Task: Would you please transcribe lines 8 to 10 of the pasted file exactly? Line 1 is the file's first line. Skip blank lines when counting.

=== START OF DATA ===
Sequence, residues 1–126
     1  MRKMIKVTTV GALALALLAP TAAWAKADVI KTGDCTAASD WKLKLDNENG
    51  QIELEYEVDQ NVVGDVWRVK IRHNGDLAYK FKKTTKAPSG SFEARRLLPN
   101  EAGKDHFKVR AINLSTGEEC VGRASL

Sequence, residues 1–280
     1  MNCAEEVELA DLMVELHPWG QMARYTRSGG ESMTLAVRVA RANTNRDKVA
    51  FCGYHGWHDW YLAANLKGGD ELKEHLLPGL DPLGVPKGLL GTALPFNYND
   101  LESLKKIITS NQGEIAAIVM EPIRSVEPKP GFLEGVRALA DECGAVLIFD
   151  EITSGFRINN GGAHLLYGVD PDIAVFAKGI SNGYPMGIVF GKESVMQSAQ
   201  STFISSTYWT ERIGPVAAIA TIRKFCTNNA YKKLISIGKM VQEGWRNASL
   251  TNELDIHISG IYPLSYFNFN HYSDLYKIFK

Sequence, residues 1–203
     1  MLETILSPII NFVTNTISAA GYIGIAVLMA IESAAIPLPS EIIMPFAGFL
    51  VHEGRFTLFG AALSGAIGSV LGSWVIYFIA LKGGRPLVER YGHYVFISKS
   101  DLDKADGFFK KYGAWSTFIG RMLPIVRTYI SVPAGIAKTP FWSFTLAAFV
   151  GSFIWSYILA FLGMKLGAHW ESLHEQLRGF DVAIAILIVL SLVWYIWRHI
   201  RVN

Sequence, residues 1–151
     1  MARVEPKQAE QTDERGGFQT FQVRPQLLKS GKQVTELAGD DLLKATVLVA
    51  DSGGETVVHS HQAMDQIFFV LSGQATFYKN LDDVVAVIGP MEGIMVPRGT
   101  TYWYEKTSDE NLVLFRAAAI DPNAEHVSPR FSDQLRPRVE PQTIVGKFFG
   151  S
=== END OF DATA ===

   101  LESLKKIITS NQGEIAAIVM EPIRSVEPKP GFLEGVRALA DECGAVLIFD
   151  EITSGFRINN GGAHLLYGVD PDIAVFAKGI SNGYPMGIVF GKESVMQSAQ
   201  STFISSTYWT ERIGPVAAIA TIRKFCTNNA YKKLISIGKM VQEGWRNASL